Here are ridge trace plots for two cases where $m=2,$ $n=3,$ and $N/(mn)$ is $1.5$ (top row) and $15$ (bottom row). The true coefficients (components of $X$) are plotted along the vertical axis using red for true zeros and black otherwise. (The red ticks are jittered to resolve their overlap.)


The regularization helps in the top row but seems less than useful in the bottom row.

Here is the (reproducible) R code used to implement the solution, run the simulation, and plot the results.

m <- 2
n <- 3
N <- ceiling(1.5*m*n)
sigma <- 1 # Error S.D.
p <- 1/2   # Fraction of true coefficients to be zero

for (iter in 1:6) {
  # Determine the number of observations and establish the range of 
  # coeffcients `beta` for the ridge regression.
  if (iter > 3) N <- ceiling(15*m*n)  # Increase `N` for the bottom row
  beta=seq(0, N/(m*n), length.out=101)# Specify the ridge trace (search space)
  # Generate a model `X` and data `a` and `b`.
  i <- sample.int(n*m, floor(p*n*m))            # These coefficients will be zero
  X <- rnorm(m*n); X[i] <- 0; X <- matrix(X, m) # The coefficients
  a <- matrix(rnorm(m*N, m), N)                 # The `a` explanatory variables
  b <- matrix(rnorm(n*N, n), N)                 # The `b` explanatory variables
  # Create a data frame that holds all the `a` and `b` variables.
  df <- apply(cbind(a, b), 2, scale)
  colnames(df) <- c(anames <- paste0("a", seq_len(m)), 
                    bnames <- paste0("b", seq_len(n)))
  # Compute the "true" response `y.0` and add noise for the observed response.
  y.0 <-  sapply(seq_len(N), function(i) df[i, 1:m] %*% X %*% df[i, 1:n+m])
  df <- as.data.frame(cbind(df, y=y.0 + rnorm(N, 0, sigma)))
  # Ridge regression.
  library(MASS) # lm.ridge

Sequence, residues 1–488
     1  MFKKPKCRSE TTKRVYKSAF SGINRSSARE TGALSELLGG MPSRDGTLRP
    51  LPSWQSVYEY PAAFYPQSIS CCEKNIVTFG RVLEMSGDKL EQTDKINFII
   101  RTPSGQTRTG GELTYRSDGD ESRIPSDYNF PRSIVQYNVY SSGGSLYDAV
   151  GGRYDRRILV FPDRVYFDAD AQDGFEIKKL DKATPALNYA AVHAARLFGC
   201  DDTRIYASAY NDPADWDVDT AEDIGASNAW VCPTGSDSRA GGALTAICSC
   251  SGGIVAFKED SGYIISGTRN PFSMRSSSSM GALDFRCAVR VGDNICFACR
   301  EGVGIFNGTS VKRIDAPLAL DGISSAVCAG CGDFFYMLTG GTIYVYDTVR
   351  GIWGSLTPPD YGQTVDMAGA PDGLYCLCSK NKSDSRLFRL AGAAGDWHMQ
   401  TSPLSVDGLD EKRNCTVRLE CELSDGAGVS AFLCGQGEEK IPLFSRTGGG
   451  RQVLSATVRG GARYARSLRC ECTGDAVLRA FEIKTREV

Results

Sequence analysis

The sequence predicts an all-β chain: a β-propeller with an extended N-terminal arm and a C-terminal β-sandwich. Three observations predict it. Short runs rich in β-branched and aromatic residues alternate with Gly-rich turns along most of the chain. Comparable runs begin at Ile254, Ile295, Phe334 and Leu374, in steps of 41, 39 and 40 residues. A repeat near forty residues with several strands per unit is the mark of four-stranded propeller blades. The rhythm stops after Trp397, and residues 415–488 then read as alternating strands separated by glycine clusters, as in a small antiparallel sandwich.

# Specify the model.
  f <- as.formula(paste0("y ~ (", paste(anames, collapse="+"), ")*(",
                         paste(bnames, collapse="+"), ") - (",
                         paste(c("1", anames, bnames), collapse="+"), ")"))
  # Fit it using Ridge Regression.
  fit <- lm.ridge(f, df, lambda=beta)
  # (That's it!) ####
  # Plot the ridge trace.
  # plot(fit, xlab=expression(beta), ylab="Coefficient", lwd=2) # Built-in ridge trace
  subtitle <- gsub(" ", "", ifelse(iter==1, paste0("y ~ ", as.character(f)[3], ""), ""))
  subtitle <- sub("-", " - ", subtitle)
  plot(range(fit$lambda), range(c(c(X), fit$coef)), bty="n", type="n",
       xlab=expression(beta), ylab="Coefficient",
       main=paste0("Ridge Trace for N=", N, " and mn=", m*n), cex.main=1.2)
  mtext(subtitle, line=0.25, cex=min(0.6, 5/(m+n+1)))
  with(fit, {
                       lines(lambda, coef[i,], lwd=2, lty=(1 + i%%6), 
                                     col=hsv(i/dim(coef)[1], .8, .7))))
  # Add the rug plot.
  k <- sum(c(X)==0)
  rug(seq(-k, k, by=2)*0.01, col="Red", side=2)
  rug(c(X)[X != 0], side=2)
  • 1
    $\begingroup$ Thank you for your answer, it is really enlightening. To be honest, I had never considered the possibility of introducing the LASSO term in the objective function, but I will definitely give it a try. However, I am a bit cautious regarding its performance, due to its tendency to force some of the regression coefficients to zero. Thanks again :) $\endgroup$
    – R-bit
    Commented Feb 6, 2021 at 11:55
  • 1
    $\begingroup$ The nice thing about framing this as a standard linear regression problem is that you now have available the whole panoply of techniques, including Ridge Regression, Lasso, Elastic Net, Bayesian methods, and so on. $\endgroup$
    – whuber
    Commented Feb 6, 2021 at 17:59